As I do every year, I’ve recently started re-reading The Lord of the Rings. Those who are familiar with my old blog no doubt know that, every December, I commit a good amount of my blog space to a discussion of Tolkien and his works, and this year is no different. So, to inaugurate my first Tolkien Appreciation Month on this author blog, I thought I’d talk about the pleasures of re-reading Tolkien.
I first read The Lord of the Rings when I was about 9 or 10, and it proved to be one of those truly life-changing literary events. I simply couldn’t stop reading it; it seemed to exert some sort of hold on me that I couldn’t break. Full of trembling fear at the Ringwraiths, swept up in the majesty of Tolkien’s world, and moved to tears by this tale of sacrifice, I knew that here was a book that I’d return to again and again.
Part of this, I think, comes from the fact that it was my Mom who introduced me to Tolkien and that she, like so many others, had returned to it repeatedly over the years. Re-reading it with her was a way of forging bonds with her, each of us sharing our observations and thoughts about the book, as well as explaining to one another why we took pleasure in it.
In the years since, I’ve read it dozens of times, but still something keeps me coming back again and again. Sometimes, this was an external factor. When, for example, the films came out in the early 2000s, I found myself reading The Lord of the Rings on a yearly basis. While in undergrad, I also took not one but two courses on Tolkien, which encouraged yet more readings. And then there were The Hobbit films, and the release of further volumes from Christopher, notably Beren and Luthien and The Fall of Gondolin. Each one gave me a reason to return to the stories that started it all. It’s now become basically an annual ritual for me to pick up The Lord of the Rings and to give it another read.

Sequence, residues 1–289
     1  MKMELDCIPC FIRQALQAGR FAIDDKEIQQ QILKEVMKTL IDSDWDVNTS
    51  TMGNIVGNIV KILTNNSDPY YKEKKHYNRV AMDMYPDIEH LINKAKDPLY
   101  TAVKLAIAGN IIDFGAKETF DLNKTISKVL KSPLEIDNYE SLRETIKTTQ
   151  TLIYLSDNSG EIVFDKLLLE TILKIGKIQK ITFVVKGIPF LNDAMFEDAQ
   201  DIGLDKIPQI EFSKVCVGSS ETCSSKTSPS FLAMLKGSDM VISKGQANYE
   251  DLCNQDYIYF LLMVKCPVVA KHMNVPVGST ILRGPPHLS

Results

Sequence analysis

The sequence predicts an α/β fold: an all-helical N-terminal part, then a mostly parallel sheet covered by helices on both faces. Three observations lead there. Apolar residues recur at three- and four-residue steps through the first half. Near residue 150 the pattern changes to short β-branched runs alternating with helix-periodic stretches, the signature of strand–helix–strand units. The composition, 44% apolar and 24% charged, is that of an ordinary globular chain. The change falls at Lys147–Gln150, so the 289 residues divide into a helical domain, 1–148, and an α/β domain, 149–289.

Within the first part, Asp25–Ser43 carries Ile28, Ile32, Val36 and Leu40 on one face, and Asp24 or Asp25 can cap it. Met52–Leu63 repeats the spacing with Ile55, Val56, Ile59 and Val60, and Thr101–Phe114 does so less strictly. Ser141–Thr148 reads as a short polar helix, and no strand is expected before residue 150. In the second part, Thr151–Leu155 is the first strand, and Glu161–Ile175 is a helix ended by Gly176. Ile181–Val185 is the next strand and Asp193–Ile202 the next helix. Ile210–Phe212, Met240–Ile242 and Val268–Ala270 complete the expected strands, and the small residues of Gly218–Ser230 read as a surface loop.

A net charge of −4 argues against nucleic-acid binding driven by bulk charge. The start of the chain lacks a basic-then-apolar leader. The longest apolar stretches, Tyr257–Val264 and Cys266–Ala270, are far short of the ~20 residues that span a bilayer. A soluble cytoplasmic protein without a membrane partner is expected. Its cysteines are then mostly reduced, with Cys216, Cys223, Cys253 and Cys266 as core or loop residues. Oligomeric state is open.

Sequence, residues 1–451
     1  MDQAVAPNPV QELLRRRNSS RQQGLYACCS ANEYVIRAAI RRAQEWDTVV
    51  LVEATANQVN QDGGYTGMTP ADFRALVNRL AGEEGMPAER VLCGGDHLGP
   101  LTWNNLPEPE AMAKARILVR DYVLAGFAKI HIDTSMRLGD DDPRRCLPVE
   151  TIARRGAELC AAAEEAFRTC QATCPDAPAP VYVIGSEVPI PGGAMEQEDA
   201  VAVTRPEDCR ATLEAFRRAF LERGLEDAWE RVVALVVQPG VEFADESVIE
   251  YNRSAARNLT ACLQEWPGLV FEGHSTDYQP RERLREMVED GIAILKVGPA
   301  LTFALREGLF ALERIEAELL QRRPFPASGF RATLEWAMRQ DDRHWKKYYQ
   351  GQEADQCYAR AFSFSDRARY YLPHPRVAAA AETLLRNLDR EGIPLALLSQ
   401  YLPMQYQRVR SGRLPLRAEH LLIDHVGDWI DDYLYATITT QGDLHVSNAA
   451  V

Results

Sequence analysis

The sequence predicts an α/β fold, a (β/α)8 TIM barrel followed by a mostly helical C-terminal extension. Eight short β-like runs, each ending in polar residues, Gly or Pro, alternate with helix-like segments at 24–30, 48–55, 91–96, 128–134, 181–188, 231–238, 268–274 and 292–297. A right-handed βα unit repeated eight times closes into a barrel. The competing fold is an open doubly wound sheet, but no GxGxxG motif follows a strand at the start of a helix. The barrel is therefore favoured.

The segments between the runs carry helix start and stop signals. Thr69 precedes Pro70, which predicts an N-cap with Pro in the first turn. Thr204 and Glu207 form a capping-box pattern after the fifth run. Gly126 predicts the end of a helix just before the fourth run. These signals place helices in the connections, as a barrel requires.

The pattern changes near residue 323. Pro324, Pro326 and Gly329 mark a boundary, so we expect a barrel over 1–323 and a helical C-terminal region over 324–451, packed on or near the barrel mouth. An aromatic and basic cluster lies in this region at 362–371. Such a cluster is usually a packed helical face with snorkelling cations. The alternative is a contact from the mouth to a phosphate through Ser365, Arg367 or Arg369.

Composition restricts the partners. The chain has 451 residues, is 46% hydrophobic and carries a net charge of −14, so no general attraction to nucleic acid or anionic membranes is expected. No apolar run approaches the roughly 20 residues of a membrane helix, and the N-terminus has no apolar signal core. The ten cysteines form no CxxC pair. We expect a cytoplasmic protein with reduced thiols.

Sometimes, I read it slowly, savoring each and every word, allowing myself to become fully immersed in the beauty of Tolkien’s language. Even a cursory reading of The Lord of The Rings reveals a man who knew how to describe landscape in a way that almost no one else in epic fantasy has come close to matching (Terry Brooks is one such). On these readings, I often allow myself to even linger over the songs (certainly one of the most divisive aspects of the book, with some fans loving and others hating them). At other times, I go at a faster pace, sometimes skipping to the parts of the book that I find the most enjoyable.
Either way, I continually and consistently find new things about the story itself, the characters, and the world that Tolkien crafted with such care. That, to me, is one of the most extraordinary things about Tolkien in general and The Lord of the Rings in particular. No matter how many times you read it nor over how many years, it can still manage to surprise you. In that sense, they are both very much like the hobbits themselves.
At the same time, there’s also something comforting about the familiar notes, about knowing what’s going to happen yet enjoying the journey anyway. I love reading the chapters that detail history (such as “The Shadow of the Past” and “The Council of Elrond”). And, silly as it sounds, I still get a chill when the Ringwraiths first begin to make their appearance. And, divisive as it may be, as the years have gone by I’ve even begun to enjoy Tom Bombadil.
A lot about me has changed in the 20 years since I first read The Lord of the Rings. Still, every time I pick it up, I found myself drawn back, reminded of that sense of wonder and joy that accompanied that first reading. No matter what happens in the outside world, and no matter how dismal and depressing it may be at times, I know that there is a different sort of world awaiting me between its pages.
Now, if you’ll excuse me, I must rejoin Frodo and company. Cheers!